Matt Zoller Seitz of RogerEbert.com recently tweeted an evergreen statement about art criticism: “Consider the possibility that the element in a work of art that you think serves no purpose actually does have a purpose, but you can’t see it.” Imagine the extremely-online film critic checking social media during a first viewing or the agenda-driven writer who approaches movies with an outrage checklist and fails to identify subtextual correlations. Such individuals often use the word “pointless” in reviews; a direct insult to filmmakers and their production teams who adhere to Ernest Hemingway’s iceberg theory. It’s the ol’ “I didn’t personally vibe with [scene, character or concept], therefore it doesn’t make sense and should’ve been cut.” One could view Seitz’s statement as pretentious, but it is indeed the film critic’s job to inform and enlighten people who are genuinely curious about filmmaking and art in general. Stealing Rodin, a 2017 documentary by Cristóbal Valenzuela Berríos, examines the systems of vulnerability that exist within art culture and Chilean culture, and even within the mind of a Chilean art student named Luis Emilio Onfray Fabres.
In June 2005, the Palace of Fine Arts in Santiago, Chile featured the work of French sculptor Auguste Rodin. Students from nearby Arcis University attended the opening day event, and curators were naturally upset when “The Torso of Adele” disappeared that evening. The aforementioned Fabres claimed that he found the sculpure in a park, only to later reveal that he swiped the piece during a bathroom break and wanted to make a cultural statement about “the duality between the absent and the present.” From the investigators’ point of view, Fabres appeared to be a scared-shitless kid who didn’t fully understand the bigger picture, in terms of Chile’s damaged reputation within art culture. But perhaps the authorities were passive and confused observers who missed a key element in a work of art that seemingly served no purpose. Stealing Rodin deconstructs Fabres’ motivations and how the open-void/duality aspect of the art project applies to his French-Chilean ethnicity.
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Stealing Rodin is aesthetically subtle. Berríos identifies interview subjects through audio rather than interstitial graphics. The film begins with a sprawling cityscape visual that zooms towards Santiago’s Palace of Fine Arts, and concludes with a similar shot that moves away from the museum. Stealing Rodin’s sound design creates a sci-fi feel and suggests an otherworldly presence — maybe from the past, maybe from the future. Duality; the absent and present. At times, Stealing Rodin feels like the first four levels of Christopher Nolan’s Inception (2010), as Berríos immerses himself into Fabres’ mind to explore the criminal act itself (reality), the sociopolitical aspects of the investigation (the chase), the psychology behind the primary subject’s behavior (absent father issues) and ultimately a familial truth that is both absent and very much present in the Chilean artist’s work. Stealing Rodin shuffles theories like a card deck and deals out a confusing hand to the audience. What do you see? A drunken, transgressive artist? An emotionally-damaged Chilean with an axe to grind? An infinite act of punga-ness? Stealing Rodin explains Fabres’ master plan while allowing him to “provoke a fantasy” for the sake of Chilean culture.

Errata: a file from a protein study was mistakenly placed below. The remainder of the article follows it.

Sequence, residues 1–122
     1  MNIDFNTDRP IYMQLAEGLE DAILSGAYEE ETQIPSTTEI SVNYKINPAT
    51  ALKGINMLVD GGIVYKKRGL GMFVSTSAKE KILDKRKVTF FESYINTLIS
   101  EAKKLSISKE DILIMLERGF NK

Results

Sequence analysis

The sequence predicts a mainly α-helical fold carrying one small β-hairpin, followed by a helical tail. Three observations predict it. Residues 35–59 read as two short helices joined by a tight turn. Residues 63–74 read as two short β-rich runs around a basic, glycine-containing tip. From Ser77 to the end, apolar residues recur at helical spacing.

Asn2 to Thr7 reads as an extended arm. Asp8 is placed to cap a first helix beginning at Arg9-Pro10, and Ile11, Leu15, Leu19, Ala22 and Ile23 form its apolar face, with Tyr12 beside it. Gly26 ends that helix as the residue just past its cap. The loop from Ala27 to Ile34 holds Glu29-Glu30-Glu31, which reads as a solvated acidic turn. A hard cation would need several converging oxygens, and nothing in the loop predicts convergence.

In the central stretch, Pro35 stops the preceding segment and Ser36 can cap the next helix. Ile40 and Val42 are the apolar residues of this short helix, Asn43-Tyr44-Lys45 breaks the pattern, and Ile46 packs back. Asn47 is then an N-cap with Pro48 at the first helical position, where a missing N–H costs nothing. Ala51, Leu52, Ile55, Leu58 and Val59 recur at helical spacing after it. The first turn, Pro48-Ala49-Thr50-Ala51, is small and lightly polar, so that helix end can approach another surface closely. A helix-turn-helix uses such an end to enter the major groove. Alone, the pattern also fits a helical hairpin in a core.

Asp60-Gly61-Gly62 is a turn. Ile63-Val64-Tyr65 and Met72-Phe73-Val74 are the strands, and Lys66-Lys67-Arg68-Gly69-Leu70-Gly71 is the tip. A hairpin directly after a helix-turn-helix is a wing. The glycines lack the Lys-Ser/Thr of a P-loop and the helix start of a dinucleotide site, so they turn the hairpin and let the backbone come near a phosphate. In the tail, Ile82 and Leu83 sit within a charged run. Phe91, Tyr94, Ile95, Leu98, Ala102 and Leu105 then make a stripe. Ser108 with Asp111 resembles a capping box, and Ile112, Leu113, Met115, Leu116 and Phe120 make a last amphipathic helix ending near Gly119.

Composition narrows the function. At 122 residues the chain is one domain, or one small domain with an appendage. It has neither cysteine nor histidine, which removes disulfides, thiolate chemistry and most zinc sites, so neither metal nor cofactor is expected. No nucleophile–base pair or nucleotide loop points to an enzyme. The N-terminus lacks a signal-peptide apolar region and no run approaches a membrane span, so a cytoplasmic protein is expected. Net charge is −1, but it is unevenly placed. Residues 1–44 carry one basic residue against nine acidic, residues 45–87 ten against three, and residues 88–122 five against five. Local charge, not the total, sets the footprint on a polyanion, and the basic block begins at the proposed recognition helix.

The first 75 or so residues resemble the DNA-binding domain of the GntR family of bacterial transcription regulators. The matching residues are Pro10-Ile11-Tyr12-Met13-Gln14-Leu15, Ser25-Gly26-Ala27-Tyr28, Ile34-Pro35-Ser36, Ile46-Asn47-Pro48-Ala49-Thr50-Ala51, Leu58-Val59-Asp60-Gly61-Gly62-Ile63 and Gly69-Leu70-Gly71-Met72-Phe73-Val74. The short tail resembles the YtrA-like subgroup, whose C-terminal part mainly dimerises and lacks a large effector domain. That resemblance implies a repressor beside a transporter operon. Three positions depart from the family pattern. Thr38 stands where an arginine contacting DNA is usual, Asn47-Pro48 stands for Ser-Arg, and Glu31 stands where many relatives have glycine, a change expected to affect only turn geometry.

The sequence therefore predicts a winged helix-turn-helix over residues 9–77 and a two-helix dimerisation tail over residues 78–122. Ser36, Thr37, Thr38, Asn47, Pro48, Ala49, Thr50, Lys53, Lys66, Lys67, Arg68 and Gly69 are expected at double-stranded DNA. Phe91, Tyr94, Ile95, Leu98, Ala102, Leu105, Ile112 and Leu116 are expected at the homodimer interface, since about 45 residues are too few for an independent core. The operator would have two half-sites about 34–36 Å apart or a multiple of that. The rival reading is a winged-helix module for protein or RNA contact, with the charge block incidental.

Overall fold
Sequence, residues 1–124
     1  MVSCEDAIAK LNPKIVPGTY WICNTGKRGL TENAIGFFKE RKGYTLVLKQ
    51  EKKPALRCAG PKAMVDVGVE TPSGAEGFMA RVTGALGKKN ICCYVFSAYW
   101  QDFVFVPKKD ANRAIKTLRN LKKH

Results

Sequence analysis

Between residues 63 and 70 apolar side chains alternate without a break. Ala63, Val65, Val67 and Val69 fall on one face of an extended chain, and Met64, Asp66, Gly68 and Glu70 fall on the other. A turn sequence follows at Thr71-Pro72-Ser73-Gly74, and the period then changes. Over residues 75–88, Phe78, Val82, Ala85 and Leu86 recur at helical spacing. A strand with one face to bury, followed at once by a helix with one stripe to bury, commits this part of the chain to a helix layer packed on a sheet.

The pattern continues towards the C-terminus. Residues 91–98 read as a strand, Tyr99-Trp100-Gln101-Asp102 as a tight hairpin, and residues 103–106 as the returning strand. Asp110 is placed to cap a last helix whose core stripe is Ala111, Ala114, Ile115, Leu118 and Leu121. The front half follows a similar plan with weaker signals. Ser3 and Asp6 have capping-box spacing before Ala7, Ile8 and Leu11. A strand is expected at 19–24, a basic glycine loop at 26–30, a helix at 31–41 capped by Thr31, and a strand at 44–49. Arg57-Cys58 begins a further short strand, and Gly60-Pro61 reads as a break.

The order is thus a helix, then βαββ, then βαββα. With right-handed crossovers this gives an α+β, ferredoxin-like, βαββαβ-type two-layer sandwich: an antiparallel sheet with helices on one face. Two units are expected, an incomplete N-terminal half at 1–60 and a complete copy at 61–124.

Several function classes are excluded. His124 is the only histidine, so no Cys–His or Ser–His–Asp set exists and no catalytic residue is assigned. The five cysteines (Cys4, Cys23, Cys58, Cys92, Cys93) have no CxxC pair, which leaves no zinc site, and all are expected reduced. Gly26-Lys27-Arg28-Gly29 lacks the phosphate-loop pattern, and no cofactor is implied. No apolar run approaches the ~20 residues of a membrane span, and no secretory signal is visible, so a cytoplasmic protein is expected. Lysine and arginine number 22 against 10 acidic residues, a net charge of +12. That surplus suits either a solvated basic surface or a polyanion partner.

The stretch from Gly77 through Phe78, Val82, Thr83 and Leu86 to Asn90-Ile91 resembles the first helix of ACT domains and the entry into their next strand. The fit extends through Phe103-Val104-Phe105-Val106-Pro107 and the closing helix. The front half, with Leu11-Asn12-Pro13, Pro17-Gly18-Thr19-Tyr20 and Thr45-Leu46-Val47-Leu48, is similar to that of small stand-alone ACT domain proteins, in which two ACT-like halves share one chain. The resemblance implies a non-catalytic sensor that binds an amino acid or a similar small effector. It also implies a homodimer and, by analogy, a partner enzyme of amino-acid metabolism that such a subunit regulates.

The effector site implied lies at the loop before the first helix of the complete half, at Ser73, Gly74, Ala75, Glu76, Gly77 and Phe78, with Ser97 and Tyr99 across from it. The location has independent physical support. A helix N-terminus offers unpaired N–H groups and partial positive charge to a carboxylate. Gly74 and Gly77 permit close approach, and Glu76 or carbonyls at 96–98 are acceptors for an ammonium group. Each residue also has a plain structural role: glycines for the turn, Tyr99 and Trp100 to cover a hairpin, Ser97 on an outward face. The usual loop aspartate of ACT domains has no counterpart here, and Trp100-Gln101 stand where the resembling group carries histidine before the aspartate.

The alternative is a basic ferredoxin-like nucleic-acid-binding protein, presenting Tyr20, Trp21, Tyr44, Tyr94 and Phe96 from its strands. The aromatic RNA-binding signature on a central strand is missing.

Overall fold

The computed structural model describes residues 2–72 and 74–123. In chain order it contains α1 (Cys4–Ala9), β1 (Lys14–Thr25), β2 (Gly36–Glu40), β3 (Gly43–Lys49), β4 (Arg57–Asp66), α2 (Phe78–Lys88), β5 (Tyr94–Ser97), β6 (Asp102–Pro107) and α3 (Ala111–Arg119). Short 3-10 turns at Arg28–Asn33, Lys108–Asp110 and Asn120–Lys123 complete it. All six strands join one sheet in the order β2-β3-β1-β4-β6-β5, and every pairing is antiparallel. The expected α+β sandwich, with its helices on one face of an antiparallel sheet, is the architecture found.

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Back to Seitz’s Twitter commentary about elements of art that seemingly serve no purpose. If the critic is willfully blind, then what fills their headspace? Probably contempt for the artist. You missed this and that. You didn’t address the issues at the core of my worldview. You left things out. But the best artists know that less is more, and that their work will endure if it sparks debates and allows for various interpretations. There’s a reason why the most-mocked people of Film Twitter (I’m thinking of someone in Los Angeles) remain relevant figures and don’t go away — it’s because their industry peers keep talking about them, usually to get a laugh or some extra social media clout. “You like me! You really like me!” And so the transgressors are very much present, even if they are absent from your timeline. It’s not good feelings that make great art, as one interviewee notes in Berríos’ documentary, it’s originality and a willingness to take risks. “Transgression and art are totally compatible.” Stealing Rodin is one of the most complex and narratively rich documentaries of its time.
Stealing Rodin is available to stream exclusively at OVID.tv.
Q.V. Hough (@QVHough) is Vague Visages’ founding editor.